London's mayor Boris Johnson delivers a speech during the opening ceremony of the International Olympic Committee session on July 23 in London. Johnson, tipped as a possible future British prime minister, made a striking entry to an Olympic event by zipwire Wednesday -- only to get stuck dangling over the crowd.
AGENCE FRANCE PRESSE
LONDON: London Mayor Boris Johnson, tipped as a possible future British prime minister, made a striking entry to an Olympic event by zipwire Wednesday -- only to get stuck dangling over the crowd.
Waving a Union Jack flag in each hand, the colourful Conservative mayor initially gathered some speed as he flew over Victoria Park in east London, where the Games were being shown on giant screens.
"Is it a bird? Is it a plane?" an announcer said as the mayor waved to the crowds below, wearing a bright blue helmet with his smart business suit.
But he ground to a halt halfway across the 320-metre (350-yard) zipwire -- which is also open to the public -- and was left hanging awkwardly over the spectators, still wielding his flags.
"Can you get me a rope? Get me a rope, ok?" he called to the crowds. "I think we need to test it on somebody going a bit faster..."
Onlookers said he was left hanging for several minutes, before officials pulled him the rest of the way.
"I think possibly what had happened was that they left a brake on or something," Johnson told ITV television once he was back on the ground.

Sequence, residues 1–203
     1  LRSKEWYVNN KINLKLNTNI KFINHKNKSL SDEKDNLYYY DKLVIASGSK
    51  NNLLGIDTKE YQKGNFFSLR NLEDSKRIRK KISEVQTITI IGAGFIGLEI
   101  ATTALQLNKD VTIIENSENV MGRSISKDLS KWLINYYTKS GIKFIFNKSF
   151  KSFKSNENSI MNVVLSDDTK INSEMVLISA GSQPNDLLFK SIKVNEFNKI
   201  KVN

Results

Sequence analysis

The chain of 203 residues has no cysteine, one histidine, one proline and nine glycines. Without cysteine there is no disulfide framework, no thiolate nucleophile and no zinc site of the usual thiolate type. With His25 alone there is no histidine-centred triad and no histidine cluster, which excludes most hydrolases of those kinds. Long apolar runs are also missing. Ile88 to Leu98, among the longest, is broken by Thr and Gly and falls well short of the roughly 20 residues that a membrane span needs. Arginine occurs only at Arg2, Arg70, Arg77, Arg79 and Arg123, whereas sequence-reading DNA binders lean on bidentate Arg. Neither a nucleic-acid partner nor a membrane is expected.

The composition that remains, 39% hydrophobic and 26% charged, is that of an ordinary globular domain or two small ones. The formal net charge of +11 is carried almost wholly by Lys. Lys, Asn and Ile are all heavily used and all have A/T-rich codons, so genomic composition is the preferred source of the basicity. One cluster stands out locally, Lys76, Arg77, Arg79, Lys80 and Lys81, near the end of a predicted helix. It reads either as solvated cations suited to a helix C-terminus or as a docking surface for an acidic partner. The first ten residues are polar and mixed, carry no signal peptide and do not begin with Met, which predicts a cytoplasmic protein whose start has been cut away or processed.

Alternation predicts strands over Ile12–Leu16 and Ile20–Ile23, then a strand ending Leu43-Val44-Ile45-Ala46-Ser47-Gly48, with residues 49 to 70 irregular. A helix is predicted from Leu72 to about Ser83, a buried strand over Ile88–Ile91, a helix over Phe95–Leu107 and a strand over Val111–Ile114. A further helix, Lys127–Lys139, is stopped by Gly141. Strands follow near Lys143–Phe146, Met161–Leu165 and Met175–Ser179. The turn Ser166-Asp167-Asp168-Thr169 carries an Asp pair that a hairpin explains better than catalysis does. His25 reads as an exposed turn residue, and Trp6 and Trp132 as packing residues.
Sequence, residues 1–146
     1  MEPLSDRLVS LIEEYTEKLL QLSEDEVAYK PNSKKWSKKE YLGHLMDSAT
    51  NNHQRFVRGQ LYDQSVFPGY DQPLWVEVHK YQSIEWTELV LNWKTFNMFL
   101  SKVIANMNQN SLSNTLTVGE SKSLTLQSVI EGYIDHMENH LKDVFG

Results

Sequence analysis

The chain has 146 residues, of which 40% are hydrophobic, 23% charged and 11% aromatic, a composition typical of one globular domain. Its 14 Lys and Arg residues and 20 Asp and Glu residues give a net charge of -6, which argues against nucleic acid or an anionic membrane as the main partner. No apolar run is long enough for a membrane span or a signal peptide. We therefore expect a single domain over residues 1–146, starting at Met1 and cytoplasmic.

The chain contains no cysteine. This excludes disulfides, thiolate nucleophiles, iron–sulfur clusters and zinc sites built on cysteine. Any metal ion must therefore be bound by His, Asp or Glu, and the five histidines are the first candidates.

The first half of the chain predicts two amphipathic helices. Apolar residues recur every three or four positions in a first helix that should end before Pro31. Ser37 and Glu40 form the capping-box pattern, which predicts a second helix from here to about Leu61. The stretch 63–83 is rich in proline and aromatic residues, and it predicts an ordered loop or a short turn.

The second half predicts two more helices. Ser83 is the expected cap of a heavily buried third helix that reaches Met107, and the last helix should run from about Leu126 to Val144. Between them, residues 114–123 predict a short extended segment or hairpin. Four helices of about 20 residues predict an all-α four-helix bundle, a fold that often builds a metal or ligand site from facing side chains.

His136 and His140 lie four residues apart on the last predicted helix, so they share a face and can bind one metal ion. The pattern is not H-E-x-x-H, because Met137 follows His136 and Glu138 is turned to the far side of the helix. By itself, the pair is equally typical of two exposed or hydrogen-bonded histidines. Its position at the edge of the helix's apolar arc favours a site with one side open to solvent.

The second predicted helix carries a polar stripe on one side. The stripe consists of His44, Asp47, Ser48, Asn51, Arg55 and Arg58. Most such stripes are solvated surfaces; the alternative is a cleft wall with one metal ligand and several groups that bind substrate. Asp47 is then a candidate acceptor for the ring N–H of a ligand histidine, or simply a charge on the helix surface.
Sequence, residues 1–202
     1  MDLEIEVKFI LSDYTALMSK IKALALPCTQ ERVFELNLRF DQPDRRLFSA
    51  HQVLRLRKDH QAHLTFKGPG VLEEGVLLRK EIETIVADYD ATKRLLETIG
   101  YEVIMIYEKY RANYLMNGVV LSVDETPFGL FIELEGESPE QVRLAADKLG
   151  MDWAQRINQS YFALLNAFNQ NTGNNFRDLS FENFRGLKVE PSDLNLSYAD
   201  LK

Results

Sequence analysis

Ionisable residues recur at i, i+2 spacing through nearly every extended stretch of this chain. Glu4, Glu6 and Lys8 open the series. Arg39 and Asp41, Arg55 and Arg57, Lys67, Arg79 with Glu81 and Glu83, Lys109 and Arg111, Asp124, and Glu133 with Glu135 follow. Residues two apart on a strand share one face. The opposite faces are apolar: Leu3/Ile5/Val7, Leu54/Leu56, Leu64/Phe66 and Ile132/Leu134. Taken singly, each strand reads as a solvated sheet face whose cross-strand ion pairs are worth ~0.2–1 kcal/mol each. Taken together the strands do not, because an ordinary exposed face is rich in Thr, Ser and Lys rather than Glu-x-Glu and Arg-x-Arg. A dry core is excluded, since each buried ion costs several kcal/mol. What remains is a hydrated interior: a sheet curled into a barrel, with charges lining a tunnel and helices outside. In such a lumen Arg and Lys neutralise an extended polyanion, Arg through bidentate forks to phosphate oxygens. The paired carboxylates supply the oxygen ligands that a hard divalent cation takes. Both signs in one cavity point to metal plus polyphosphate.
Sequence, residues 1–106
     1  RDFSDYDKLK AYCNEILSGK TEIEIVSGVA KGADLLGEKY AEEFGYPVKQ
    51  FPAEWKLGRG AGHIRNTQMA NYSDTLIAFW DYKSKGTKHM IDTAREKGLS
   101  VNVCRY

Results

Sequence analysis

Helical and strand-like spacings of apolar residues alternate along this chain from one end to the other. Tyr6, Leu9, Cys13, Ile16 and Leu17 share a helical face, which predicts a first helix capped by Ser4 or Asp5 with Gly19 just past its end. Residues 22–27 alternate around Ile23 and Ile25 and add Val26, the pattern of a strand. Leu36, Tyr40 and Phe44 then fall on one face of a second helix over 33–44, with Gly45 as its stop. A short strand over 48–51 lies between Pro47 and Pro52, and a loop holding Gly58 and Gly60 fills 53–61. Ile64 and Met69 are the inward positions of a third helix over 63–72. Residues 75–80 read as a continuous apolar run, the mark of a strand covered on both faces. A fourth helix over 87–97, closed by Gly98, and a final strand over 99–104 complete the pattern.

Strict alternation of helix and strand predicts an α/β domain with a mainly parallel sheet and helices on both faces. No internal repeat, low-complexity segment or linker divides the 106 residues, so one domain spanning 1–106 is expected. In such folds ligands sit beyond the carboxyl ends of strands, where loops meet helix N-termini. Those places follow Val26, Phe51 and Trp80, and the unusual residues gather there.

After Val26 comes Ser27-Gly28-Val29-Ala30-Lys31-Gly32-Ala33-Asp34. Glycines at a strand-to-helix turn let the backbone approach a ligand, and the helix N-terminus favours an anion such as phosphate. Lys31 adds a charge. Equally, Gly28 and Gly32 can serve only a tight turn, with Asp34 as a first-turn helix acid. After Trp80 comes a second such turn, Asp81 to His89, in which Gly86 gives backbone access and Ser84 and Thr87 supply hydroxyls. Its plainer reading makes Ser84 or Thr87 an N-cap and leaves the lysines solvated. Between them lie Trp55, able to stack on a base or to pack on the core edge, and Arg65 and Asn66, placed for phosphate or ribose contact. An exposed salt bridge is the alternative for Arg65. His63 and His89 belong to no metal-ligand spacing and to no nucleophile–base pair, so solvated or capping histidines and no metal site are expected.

"But anyway, it was wonderful and I thoroughly recommend it."
Speaking later to London radio station LBC, he described himself as "the Yuri Gagarin of the zipwire", in reference to the Soviet cosmonaut who was the first person to venture into outer space.
A spokeswoman for Johnson said: "Clearly the judges are likely to mark him down for artistic interpretation, and, unlike 'Team GB', he won't be bagging any gold medals today but he remains unbowed."
Known for his dishevelled mop of blond hair, rich vocabulary and unfailing sense of comic timing, Johnson is no stranger to public clangers -- he fell into a river in 2009 while launching a volunteering campaign.
But beneath the buffoonery the mayor is seen as a sharp political operator, and his public profile during the Olympics has fuelled speculation that he could succeed Prime Minister David Cameron as Conservative leader.
The pair studied together at the elite boarding school Eton College and at Oxford University.
The Conservative-leaning Telegraph newspaper said earlier Wednesday that the party's donors were flocking to Johnson and that Cameron is "on course to lose the next election, and his leadership, and he knows it."
Cameron himself said of the zipwire incident: "If any other politician anywhere in the world was stuck on a zipwire, it would be a disaster. For Boris, it's an absolute triumph."